Key’s potshots today spoke volumes, National were scared of a Cunnliffe led Labour Party, imo.

  2. peterlepaysan

    i hate to be trite but the elephant thingy is that fuck all turned out to vote for labour in the last two elections.

    What the hell have the caucus cabal done to address that pachyderm?

    San fairy ann.

    • QoT

      I guess the answer’s obvious: trying to figure out why all those Labour voters stayed home would have involved self-reflection. Figuring out why other Labour voters voted National is easy: “John Key is the great hypnotic Satan”.

  3. Tamara

    You’ve nailed it here QOT. I’m in the second group of course. Greens’ latest housing policy looks pretty good.

  4. weka

    It does leave me very curious as to how the GP is going to manage this once in govt with the ABCs (or even pre-election). And it’s very hard to see where Labour should go from here. Obviously there are still good people in the organisation, but hard to know what their options are. The idea of them having to make the best of it makes me cringe :-( And fucks me off no end when the GP deserves so much better in terms of a coalition partner.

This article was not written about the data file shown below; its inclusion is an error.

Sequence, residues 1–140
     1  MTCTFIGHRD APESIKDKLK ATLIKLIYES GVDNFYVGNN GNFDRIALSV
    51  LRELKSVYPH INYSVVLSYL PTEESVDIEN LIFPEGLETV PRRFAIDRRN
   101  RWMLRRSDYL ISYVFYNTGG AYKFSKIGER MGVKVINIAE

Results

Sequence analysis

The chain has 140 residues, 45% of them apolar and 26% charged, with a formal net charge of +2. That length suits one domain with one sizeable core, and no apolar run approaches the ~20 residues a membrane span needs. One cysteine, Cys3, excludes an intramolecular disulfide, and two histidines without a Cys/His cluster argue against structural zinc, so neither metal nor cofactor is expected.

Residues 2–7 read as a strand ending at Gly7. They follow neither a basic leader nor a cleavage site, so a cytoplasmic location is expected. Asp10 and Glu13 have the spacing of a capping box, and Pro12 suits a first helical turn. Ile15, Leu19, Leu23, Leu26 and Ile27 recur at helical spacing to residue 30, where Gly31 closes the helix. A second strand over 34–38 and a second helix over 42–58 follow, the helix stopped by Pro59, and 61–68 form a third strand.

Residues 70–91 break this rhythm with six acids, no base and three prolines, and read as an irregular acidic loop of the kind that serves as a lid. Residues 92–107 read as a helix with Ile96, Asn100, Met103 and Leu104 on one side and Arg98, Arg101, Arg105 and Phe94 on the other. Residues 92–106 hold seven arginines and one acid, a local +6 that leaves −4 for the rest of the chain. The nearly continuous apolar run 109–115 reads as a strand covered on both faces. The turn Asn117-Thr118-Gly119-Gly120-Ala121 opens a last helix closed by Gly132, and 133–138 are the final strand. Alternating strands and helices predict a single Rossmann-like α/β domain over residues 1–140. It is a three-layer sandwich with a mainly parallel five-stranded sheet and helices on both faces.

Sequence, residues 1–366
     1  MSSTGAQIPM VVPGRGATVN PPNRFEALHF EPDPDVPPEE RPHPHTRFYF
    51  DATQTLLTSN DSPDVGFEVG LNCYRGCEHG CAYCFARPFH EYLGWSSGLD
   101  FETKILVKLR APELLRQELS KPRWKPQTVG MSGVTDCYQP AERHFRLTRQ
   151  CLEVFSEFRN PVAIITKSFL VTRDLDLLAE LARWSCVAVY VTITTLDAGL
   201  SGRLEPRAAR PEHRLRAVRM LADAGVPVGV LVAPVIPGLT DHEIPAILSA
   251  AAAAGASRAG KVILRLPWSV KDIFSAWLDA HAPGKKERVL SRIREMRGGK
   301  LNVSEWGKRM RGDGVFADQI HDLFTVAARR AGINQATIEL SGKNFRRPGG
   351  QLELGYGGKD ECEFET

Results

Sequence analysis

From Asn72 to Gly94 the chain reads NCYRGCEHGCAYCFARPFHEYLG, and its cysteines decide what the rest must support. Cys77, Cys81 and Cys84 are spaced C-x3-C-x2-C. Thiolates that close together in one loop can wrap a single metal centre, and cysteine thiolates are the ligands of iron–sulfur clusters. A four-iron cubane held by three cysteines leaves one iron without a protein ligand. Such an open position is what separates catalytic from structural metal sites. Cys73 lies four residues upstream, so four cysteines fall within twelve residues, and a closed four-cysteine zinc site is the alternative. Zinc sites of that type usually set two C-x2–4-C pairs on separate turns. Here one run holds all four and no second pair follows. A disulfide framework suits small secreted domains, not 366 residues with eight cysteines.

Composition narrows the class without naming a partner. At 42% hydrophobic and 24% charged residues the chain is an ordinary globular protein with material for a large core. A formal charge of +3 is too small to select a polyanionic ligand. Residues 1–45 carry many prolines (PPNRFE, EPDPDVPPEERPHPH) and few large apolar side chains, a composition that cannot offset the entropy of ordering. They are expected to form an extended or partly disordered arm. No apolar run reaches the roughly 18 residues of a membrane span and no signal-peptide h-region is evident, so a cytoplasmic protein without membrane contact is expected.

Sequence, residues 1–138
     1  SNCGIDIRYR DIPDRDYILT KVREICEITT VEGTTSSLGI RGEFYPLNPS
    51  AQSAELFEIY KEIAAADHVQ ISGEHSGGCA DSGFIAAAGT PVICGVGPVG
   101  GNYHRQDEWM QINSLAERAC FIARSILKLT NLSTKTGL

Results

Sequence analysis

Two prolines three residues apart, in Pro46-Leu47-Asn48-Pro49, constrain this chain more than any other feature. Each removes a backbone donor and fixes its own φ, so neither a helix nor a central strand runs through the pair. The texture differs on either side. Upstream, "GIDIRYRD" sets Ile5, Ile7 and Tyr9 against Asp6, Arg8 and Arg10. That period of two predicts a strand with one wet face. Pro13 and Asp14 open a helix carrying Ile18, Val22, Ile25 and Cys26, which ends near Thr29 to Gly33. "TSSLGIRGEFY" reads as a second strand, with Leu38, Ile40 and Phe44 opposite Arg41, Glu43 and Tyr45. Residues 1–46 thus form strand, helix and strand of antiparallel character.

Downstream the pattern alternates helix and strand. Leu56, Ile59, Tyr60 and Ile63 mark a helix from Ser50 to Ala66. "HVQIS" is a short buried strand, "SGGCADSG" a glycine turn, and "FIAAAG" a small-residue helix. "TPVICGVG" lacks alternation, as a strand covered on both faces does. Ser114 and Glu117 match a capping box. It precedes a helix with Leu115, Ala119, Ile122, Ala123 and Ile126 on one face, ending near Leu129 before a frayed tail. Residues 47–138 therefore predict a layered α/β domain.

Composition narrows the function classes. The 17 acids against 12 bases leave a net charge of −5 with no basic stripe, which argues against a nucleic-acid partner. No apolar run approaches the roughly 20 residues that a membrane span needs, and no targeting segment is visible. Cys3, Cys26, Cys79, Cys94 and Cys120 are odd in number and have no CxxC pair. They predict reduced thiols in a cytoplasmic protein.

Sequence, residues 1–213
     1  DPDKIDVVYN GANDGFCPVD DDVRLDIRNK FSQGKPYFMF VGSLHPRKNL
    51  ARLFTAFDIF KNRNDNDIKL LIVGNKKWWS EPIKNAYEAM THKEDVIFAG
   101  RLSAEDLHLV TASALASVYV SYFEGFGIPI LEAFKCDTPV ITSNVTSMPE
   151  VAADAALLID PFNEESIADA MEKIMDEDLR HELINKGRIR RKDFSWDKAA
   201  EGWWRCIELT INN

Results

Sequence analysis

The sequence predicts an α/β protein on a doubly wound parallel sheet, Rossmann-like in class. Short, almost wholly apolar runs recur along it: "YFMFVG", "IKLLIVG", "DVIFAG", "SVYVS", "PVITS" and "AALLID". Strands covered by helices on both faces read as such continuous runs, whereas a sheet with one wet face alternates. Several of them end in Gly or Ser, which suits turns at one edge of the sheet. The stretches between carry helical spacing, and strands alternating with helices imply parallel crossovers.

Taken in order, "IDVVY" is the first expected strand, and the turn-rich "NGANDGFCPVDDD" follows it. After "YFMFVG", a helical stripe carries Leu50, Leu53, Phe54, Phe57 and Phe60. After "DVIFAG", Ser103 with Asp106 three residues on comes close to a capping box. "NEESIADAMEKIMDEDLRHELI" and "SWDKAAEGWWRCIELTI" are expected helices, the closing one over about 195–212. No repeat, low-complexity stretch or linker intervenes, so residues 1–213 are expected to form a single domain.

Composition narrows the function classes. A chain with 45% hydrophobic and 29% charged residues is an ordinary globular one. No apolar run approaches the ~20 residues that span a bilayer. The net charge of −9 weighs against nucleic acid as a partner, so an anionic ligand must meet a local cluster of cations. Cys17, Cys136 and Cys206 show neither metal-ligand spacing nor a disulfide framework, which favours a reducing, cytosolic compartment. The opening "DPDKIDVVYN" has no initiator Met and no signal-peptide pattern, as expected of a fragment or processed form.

• QoT

      I’ve always hoped that the Greens get big enough (or, these days, the combo of Mana/Greens gets big enough) that Labour is basically forced to be the party it should be. This is where Peter Dunne and Winston Peters have probably done a lot of damage to Labour in terms of its leftwing cred.

  5. Bill

    I guess the only point I question is the one being made about the reaction to Labour’s housing policy. Many of those who don’t want “their hard-earned money supporting DPB teens” are the “lazy yuppies” or their parents. And on the premise they “can’t save a big enough deposit get a first home”, well…Labour has just stepped in to help these deserving souls. – Y’know, as David says :- “A Government that says: you do your bit, we’ll do ours. That’s what a Labour Government will do. That’s what a government I lead will do.”

    • QoT

      Actually, Bill, Labour’s policy doesn’t help those people at all, since KiwiBuild still requires you to be able to get a standard mortgage, unlike the Greens’ progressive ownership policy.